Peshawar derives its name from a Sanskrit word "Pushpapura" meaning the city of flowers. Peshawar's flowers were mentioned even in Mughal Emperor Babar's memories.
Alexander's legions and the southern wing of his army were held up here in 327 B.C. for forty days at a fort excavated recently, 27 1/2 kms north-east of Peshawar at Pushkalavati (lotus city) near Charsada.
The great Babar marched through historic Khyber Pass to conquer South Asia in 1526 and set up the Moghal Empire in the Indo-Pakistan sub-continent.
The Khyber Pass and the valley have resounded to the tramp of marching feet as successive armies hurtled down the crossroad of history, pathway of commerce, migration and invasion by Aryans, Scythians. Persians, Greeks, Bactrians, Kushans, Huns, Turks' Mongols and Moghals.
Peshawar is now, as always, very much a frontier town. The formalities of dress and manner give way here to a free and easy style, as men encounter men with a firm hand-clasp and a straight but friendly look. Hefty handsome men in baggy trousers and long, loose shirts, wear bullet studded bandoliers across their chests or pistols at their sides as a normal part of their dress.
There is just that little touch of excitement and drama in the air that makes for a frontier land. An occasional salvo of gun fire, no, not a tribal raid or a skirmish in the streets but a lively part of wedding celebrations.
Remember, we are in the land of the Pathans - a completely male-dominated society. North and south of Peshawar spreads the vast tribal area where lives the biggest tribal society in the world, and the most well known, though much misrepresented.
Pathans are faithful Muslims. Their typical martial and religious character has been molded by their heroes, like Khushhal Khan Khattak, the warrior poet and Rehman Baba, a preacher and also a poet of Pushto language.
Today, they themselves guard the Pakistan-Afghanistan border along the great passes of the Khyber, the Tochi, the Gomal and others on Pakistan's territory, but before independence they successfully defied mighty empires, like the British and the Moghal and other before them, keeping the border simmering with commotion, and the flame of freedom proudly burning.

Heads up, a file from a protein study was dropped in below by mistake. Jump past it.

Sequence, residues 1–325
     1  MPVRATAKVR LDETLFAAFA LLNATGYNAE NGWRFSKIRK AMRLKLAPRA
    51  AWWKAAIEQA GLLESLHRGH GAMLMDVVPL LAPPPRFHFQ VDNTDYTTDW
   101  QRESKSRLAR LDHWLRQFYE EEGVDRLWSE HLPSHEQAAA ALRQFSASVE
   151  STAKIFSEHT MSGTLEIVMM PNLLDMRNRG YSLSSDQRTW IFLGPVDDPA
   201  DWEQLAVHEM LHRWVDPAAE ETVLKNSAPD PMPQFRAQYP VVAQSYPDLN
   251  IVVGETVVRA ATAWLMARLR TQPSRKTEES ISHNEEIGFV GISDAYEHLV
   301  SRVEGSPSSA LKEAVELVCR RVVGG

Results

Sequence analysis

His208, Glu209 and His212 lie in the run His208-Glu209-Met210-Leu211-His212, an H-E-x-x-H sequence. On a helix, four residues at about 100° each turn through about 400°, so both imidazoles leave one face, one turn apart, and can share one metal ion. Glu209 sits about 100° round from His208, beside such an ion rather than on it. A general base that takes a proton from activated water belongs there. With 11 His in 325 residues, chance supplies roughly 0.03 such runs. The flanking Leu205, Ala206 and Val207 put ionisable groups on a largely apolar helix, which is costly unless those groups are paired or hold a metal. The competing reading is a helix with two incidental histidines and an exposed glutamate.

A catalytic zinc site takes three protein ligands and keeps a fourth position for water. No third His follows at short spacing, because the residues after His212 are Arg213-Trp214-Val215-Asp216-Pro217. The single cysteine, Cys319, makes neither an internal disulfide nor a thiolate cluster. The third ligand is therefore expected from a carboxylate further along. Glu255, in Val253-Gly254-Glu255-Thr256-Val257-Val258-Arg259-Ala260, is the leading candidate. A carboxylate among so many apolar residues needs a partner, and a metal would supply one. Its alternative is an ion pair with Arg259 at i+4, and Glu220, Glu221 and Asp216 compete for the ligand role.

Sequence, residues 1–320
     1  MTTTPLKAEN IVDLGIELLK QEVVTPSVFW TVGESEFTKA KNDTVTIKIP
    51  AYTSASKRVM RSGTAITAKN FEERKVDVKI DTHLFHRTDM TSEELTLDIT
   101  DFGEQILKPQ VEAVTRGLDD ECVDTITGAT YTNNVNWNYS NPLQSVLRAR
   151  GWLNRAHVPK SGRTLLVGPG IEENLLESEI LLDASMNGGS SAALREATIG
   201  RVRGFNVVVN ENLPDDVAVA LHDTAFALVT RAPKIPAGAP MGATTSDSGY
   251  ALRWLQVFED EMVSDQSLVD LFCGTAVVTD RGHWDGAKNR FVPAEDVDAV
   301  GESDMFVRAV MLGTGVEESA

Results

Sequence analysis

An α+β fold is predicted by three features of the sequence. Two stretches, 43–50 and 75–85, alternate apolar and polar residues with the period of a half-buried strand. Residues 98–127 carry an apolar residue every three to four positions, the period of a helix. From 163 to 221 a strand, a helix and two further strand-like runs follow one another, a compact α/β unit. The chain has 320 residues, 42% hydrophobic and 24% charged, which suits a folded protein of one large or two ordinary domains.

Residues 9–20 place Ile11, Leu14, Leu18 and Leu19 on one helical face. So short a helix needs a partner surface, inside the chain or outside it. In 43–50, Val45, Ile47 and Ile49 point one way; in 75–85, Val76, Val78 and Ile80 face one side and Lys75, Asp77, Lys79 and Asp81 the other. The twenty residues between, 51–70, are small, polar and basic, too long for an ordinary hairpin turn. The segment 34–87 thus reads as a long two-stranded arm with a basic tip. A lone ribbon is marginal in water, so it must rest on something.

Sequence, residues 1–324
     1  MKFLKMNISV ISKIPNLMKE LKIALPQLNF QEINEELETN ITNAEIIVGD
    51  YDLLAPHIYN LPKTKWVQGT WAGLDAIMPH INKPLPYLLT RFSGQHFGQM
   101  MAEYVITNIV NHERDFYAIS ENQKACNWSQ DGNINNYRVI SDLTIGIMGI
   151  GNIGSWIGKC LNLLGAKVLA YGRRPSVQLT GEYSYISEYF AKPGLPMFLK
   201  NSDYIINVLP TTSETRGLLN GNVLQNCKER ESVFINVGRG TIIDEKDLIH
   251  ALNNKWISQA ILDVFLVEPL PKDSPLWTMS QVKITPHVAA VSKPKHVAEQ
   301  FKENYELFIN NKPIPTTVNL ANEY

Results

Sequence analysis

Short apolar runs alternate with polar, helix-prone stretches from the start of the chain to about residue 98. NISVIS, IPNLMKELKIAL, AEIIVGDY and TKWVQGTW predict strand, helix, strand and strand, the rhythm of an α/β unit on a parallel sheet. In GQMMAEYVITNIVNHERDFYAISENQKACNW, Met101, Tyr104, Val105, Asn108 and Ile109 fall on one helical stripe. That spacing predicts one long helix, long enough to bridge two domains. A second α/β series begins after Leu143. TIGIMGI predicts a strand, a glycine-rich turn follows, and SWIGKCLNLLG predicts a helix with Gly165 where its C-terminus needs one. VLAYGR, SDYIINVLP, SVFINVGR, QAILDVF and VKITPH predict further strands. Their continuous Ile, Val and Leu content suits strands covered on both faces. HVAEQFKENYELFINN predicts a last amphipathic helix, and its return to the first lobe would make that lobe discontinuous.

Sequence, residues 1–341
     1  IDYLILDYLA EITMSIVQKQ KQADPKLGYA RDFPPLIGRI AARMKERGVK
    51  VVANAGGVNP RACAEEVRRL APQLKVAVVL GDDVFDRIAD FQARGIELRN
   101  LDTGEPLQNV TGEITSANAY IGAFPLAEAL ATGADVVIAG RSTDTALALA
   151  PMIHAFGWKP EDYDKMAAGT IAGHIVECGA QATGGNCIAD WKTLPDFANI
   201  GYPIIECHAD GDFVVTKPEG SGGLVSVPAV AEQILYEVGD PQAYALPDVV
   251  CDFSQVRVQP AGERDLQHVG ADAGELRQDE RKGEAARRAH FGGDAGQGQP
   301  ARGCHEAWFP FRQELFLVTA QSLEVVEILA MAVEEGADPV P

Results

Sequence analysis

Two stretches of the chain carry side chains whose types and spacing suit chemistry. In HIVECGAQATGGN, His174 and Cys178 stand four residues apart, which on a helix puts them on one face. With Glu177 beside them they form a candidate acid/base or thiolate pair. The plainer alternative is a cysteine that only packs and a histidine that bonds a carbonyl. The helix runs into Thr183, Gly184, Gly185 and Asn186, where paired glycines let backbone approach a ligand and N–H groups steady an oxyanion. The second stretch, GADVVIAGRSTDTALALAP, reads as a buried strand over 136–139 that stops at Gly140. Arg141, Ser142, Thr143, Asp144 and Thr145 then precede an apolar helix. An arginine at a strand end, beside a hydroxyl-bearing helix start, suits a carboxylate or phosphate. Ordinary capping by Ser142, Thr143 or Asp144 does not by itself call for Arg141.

Peshawar is the great Pathan city. And what a city! Hoary with age and the passage of twenty-five centuries, redolent with the smell of luscious fruit and roasted meat and tobacco smoke, placid and relaxed but pulsating with the rhythmic sound of craftsmen's hammers and horses' hooves, unhurried in its pedestrian pace and horse-carriage traffic, darkened with tall houses, narrow lanes and overhanging balconies, intimate, with its freely intermingling crowd of townsmen, tribal, traders and tourists - this is old Peshawar, the journey's end or at least a long halt, for those traveling up north or coming down from the Middle East or Central Asia, now as centuries before when caravans unloaded in the many caravan series now lying deserted outside the dismantled city walls or used as garages by the modern caravans of far-ranging buses.
You come across two-and -three story houses built mostly of unbaked bricks set in wooden frames to guard against earthquakes, Many old houses have beautifully carved heavy wooden doors and almost all have highly ornamental wooden balconies. There is a tall and broad structure whose lofty portal look down upon the street. This historical building houses the police offices and the site was occupied centuries ago by a Buddhist stupa, then by a Hindu temple and then by a Moghal sarai. It was, in Sikh days, the seat of General Avitable, an Italian soldier of fortune in the service of Ranjit Singh.
QISSA KHAWANI BAZAAR:
Here perhaps visiting travelers or the relaxing townsmen were regaled with stories by professional story tellers, in the evening, in the many teashops that still adorn the bazaar front with their large brass samovars and numerous hanging teapots and teacups.
As in most eastern bazaars, the shops of delicacies predominate, and here too you will find many colorful fruit shops displaying the glorious harvest of Peshawar's unrivaled bread and justly celebrated "Kababs" and "Tikkas" meat sizzling on hot coals, in the many wayside cafes.
Leather goods shops are the next most numerous, selling that wonderful footwear, the Peshawari "Chappals" or sandals, belts, holsters and bandoliers and a special variety of light but sturdy suitcase called "Yakhdaan".
As you move up, the Qissa Khawani Bazaar turns left and here begins the bazaar of coppersmiths whose jewel-like engraved and embossed jars, bowls, ewers and plates are piled up in shops like glistening treasure trove. Other famous bazaars of Peshawar are the Khyber Bazaar. Bird Bazaar and Meena Bazaar, Jewellery Bazaar and Mochilara (Shoe Makers' Bazaar).
In fact, the variety of craft in which Peshawar excels even today is amazing and this is a part of the city's character often eclipsed by its martial tradition. Remember that it was in this valley of Peshawar that there flourished that remarkable school of Ghandhara sculpture, which is one of the glories of Pakistan's heritage.